We all like to think that being thankful comes naturally to us. You imagine yourself walking through life smiling at everyone and feeling the sun shine down on you, like the very best version of yourself. However, the truth is that being thankful is often a struggle for most of us.
Whether you think of yourself as someone who always looks on the bright side or not, we tend to reach for negativity far more quickly than we do to positivity. This is because, as humans, we all have negativity bias, where we give a lot more of our attention to negative things and experiences than we do to positive ones.
If you think about it, you’ll probably find that the words you use to describe negative things and experiences are a lot more detailed and diverse than the ones you use to describe positive ones. So you can start to see how that goes some of the way in explaining why we describe a bad job interview as “dreadful and embarrassing” whilst an interview that went well would be described as just “okay.”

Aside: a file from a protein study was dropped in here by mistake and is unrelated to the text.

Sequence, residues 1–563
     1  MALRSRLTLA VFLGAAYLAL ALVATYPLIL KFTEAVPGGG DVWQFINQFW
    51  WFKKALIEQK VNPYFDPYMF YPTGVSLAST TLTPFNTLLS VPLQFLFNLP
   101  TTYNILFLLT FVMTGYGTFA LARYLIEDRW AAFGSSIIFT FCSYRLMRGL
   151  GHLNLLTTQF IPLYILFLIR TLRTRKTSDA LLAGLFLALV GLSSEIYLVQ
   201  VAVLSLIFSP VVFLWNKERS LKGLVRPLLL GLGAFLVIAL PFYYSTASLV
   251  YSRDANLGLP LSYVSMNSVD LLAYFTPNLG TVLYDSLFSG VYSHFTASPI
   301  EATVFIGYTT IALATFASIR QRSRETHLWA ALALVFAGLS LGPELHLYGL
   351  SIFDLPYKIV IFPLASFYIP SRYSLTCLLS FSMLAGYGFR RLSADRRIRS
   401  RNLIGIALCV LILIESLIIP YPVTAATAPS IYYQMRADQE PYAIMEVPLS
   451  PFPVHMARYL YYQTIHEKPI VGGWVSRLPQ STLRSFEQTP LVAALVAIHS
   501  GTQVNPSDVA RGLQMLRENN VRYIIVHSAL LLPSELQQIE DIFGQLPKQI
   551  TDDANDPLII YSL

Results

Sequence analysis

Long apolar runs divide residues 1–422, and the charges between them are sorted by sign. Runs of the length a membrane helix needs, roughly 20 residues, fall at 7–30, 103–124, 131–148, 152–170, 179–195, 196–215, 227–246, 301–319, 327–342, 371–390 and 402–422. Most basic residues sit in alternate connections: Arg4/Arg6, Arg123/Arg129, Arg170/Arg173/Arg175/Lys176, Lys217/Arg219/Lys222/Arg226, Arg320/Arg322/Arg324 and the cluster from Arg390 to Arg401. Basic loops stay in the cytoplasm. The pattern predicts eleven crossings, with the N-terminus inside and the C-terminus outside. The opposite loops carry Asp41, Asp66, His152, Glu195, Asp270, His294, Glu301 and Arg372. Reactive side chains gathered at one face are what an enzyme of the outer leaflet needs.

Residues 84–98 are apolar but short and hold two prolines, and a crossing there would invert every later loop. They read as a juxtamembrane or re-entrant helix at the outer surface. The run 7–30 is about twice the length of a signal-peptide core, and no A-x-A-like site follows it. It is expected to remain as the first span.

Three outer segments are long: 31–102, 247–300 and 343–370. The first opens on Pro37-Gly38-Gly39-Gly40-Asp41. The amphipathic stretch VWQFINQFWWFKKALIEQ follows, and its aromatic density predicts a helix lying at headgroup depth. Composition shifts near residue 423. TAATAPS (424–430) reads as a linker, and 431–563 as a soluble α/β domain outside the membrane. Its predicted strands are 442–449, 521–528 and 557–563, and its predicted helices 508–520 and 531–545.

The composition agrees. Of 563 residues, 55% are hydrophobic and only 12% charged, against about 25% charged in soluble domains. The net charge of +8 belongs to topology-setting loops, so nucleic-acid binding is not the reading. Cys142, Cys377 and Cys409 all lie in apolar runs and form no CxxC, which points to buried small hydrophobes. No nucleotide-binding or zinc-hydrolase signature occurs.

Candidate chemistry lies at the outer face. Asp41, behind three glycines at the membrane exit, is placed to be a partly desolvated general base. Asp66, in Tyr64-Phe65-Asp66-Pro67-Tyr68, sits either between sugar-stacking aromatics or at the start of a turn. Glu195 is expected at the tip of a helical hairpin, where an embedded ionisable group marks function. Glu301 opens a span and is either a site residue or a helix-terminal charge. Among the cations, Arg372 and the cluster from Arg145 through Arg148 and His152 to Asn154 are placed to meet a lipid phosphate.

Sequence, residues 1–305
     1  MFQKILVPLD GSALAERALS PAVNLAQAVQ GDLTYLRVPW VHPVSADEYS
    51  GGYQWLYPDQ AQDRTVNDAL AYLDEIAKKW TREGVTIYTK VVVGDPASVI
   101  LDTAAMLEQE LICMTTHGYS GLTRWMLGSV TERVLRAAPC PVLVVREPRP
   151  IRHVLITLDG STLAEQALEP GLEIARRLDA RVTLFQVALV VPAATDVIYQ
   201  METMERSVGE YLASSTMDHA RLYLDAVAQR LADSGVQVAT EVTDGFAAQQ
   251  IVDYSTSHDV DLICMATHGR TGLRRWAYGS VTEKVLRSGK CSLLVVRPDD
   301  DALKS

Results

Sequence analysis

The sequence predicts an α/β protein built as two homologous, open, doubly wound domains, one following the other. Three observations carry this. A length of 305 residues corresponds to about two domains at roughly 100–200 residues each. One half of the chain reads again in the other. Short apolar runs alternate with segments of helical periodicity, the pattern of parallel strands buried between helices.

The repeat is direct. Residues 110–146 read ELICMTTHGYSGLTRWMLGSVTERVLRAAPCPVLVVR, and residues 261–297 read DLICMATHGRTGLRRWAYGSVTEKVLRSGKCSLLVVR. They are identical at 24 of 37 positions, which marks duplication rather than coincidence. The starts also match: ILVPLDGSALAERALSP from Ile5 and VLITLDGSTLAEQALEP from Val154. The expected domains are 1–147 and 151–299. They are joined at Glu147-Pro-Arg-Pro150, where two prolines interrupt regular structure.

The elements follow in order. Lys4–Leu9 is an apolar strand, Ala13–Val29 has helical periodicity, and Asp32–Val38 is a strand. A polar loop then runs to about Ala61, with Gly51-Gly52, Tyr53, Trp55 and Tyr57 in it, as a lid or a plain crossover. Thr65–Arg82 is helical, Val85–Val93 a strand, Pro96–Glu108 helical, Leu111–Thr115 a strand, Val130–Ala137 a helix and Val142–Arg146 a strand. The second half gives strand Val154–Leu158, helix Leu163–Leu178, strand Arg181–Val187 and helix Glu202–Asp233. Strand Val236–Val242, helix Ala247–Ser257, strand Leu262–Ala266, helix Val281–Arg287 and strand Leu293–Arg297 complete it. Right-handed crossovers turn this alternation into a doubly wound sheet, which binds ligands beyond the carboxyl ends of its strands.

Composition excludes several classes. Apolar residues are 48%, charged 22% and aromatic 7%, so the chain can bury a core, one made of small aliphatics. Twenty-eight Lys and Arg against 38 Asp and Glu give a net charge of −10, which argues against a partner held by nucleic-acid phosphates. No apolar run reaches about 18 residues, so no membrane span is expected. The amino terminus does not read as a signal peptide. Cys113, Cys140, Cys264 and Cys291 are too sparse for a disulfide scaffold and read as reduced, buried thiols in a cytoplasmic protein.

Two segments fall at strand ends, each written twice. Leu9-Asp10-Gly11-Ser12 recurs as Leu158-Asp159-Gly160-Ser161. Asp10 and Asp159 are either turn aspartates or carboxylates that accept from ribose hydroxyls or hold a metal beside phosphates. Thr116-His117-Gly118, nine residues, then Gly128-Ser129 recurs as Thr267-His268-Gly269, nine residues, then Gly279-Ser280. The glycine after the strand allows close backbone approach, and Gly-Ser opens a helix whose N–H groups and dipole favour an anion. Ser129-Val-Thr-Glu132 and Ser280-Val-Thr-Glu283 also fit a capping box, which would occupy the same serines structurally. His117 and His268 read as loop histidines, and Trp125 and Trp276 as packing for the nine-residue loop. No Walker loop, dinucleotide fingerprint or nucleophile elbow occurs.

When your brain is programmed to focus on all of the negative things about your life, it’s harder to feel grateful at the same time.
Comparison is the thief of joy
I’m sure you’ve heard the phrase, ‘comparison is the thief of joy’? Social comparison is an innate psychological phenomenon where we try to understand how our own life ranks by comparing ourselves with other people.
In more recent times, keeping score has become second nature as our use of social media continues to rise. Comparing your crappy day to someone else’s ‘best bits’ doesn’t make anyone feel good. This not only depletes our happiness, but it can also make it next to impossible to feel thankful for what we have.
How can you feel content with what you have when you’re always thinking about what you don’t have?
There’s no getting away from it, committing to living in the present is difficult. That’s because we’re programmed to be thinking about upcoming events all the time.
We’ve all heard the questions before. Where do you see yourself in ten years? What are your new year’s resolutions? When are you settling down? Because of this, we often feel the need to always be doing, at all times. To always be striving for the next big thing. Instead of enjoying what you’ve already worked hard for.
What do you think? Do you find it difficult to be thankful? Let me know in the comments below!